The murder of Jesus is the final domino of a long line of events, a chain reaction that included Satan’s exploitation of Judas’ love of money, the plot of the religious leaders to rid the world of Jesus, the sins of humanity going all the way back to the Garden of Eden, and every animal sacrifice ever offered. But who flicked the first domino? What was the catalyst that caused the chain reaction that culminated in God-Incarnate being nailed to an instrument of torturous execution? The whole thing flows forth out of God’s infinite love and amazing grace, and His sovereign plan to rescue humanity from sin. Everything that took place leading up to and including the crucifixion of Jesus happened in explicit fulfillment of prophecies that God had revealed over centuries. Notice in verse 24 that Jesus says, “The Son of Man is to go, just as it is written of Him.” In the verse 31, Jesus quotes Zechariah 13:7 which speaks of the striking of the shepherd and the scattering of the flock. Psalm 118 is referenced in Matthew 21:42, saying that evil men would reject the Messiah. John 15:25 points to Psalm 35’s promise that He would be hated without cause. John 19:34-37 harkens back to Psalm 34:20 and Zechariah 12:10 which speak of Him being pierced and His bones being left unbroken. In John 13:18, Jesus cites Psalm 41:9 about the one who ate bread with Him lifting up his heel against him. In Matthew 27:9-10, there is reference to Jeremiah 19:1-13, which is also similar to Zechariah 11:12-13, and which speaks of thirty pieces of silver being the price of the blood money. And Jesus Himself announced to His disciples numerous times that when they came to Jerusalem, He would be delivered over to the chief priests and scribes, condemned to death, handed over to Gentiles, tortured and killed, and that He would rise from the dead (e.g, Mark 10:33-34). You see that God was spelling out the events that would take place at the pinnacle of human history as Jesus made His way to the cross. They were taking place in accordance with His sovereign will. Isaiah 53 had announced that it was the Lord who would lay upon the Messiah the iniquity of us all; that it was the will of the Lord for Him to be crushed and put to grief. And in Acts 2, as Peter preached the great sermon of Pentecost, he proclaimed that the people of Israel nailed Jesus to a cross by the hands of godless men (implicating Jew and Gentile alike in the murder of Jesus), but that Jesus had been delivered over by the predetermined plan and foreknowledge of God. In Acts 4, as the early church’s leaders prayed, they spoke to God saying, “in this city there were gathered together against Your holy servant Jesus, whom You anointed, both Herod and Pontius Pilate, along with the Gentiles and the peoples of Israel, to do whatever Your hand and Your purpose predestined to occur.”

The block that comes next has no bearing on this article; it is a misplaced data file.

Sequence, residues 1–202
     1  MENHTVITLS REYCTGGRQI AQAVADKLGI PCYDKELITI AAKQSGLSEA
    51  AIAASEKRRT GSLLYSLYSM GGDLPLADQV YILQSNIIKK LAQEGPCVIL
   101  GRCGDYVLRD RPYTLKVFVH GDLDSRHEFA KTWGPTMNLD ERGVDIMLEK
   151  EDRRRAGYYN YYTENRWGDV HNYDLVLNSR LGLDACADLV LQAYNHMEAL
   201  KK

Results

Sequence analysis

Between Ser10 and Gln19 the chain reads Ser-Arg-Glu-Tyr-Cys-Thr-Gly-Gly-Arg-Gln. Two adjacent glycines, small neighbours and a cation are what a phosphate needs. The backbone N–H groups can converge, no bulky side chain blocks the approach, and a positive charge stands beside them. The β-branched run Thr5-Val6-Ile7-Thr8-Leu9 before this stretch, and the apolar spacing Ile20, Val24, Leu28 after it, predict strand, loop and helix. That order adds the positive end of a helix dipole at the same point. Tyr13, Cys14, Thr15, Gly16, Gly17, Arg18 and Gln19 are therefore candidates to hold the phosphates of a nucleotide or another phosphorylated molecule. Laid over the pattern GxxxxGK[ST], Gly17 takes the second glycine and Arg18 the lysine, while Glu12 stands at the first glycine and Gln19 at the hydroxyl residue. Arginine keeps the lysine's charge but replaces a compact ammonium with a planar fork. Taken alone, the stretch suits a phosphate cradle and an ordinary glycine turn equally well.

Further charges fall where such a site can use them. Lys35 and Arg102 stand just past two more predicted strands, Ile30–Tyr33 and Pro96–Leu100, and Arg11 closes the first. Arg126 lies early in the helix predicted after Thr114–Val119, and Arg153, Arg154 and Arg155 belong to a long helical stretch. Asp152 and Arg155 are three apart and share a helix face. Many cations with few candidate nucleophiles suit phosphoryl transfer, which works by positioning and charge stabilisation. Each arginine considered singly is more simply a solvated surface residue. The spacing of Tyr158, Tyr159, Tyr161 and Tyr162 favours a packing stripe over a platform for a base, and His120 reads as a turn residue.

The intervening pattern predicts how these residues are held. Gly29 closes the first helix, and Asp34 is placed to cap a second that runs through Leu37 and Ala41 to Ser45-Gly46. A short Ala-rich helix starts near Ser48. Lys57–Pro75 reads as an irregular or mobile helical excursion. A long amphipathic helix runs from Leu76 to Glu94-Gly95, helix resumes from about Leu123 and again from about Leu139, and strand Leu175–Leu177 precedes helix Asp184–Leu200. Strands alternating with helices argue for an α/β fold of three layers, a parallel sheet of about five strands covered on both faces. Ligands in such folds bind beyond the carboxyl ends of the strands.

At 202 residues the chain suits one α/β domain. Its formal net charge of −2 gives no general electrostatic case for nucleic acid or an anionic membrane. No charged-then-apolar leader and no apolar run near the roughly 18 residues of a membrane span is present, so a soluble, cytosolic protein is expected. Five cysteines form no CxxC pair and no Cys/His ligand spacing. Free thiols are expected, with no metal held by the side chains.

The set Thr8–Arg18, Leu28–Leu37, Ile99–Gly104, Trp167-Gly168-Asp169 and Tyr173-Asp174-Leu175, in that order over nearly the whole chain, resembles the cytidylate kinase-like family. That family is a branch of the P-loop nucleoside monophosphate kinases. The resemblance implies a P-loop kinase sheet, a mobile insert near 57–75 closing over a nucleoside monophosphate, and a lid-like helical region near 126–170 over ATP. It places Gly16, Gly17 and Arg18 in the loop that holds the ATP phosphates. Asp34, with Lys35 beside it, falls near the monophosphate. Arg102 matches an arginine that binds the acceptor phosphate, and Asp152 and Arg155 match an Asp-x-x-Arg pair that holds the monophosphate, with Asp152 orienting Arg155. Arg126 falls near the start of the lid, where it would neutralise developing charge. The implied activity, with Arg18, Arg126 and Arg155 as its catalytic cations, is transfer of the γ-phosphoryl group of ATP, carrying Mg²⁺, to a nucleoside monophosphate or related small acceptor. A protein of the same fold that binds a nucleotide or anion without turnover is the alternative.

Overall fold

So you see, when Jesus announced at the table that His body would be broken just like the bread, and His blood would flow like the juice of crushed grapes, He was announcing the culmination of redemptive history was at hand. God’s sovereign plan to redeem humanity from sin had reached its climax in the imminent death of Jesus on the cross. His was the final and full sacrifice for the sins of humanity. And with His announcement of these things also comes an invitation: “Take and eat,” “Drink from it, all of you.” You have been invited to participate in this glorious redemption, this spectacular salvation, and be rescued by the amazing grace of God from your state of sin.

Just as God ordered Israel to regularly observe the Passover as a reminder of their redemption from bondage in Egypt, so Christ has ordained for His Church to regularly reenact this covenant meal. As we take the bread and drink the cup, we remember that we have been redeemed from slavery to sin. And the New Testament instructs us to examine ourselves as come with Christ to the table. Is Christ the supreme love in your life? Have you committed yourself to Him by faith as Lord and Savior? Or are you just hanging around with Him and His people, not unlike Judas, while your heart remains far from Him? You will notice as you read the Gospels that it was not until Judas left the room that Christ shared these symbolic elements with His disciples. This is not a meal for everyone. The symbols are reserved for those who have participated in the reality. The reminder of His sacrifice is served to those who have received His salvation. So today, I would invite you to examine yourself, and if you have never personally received the gift of salvation that Christ has purchased for you with His own blood, then today you can. You can acknowledge to God that you are a sinner, and that you turn from that life of sin claiming Jesus as your Lord and your Savior.

[1] John Piper, History’s Most Spectacular Sin (Wheaton, Ill.: Crossway, 2008), p5.
[2] Piper, p9.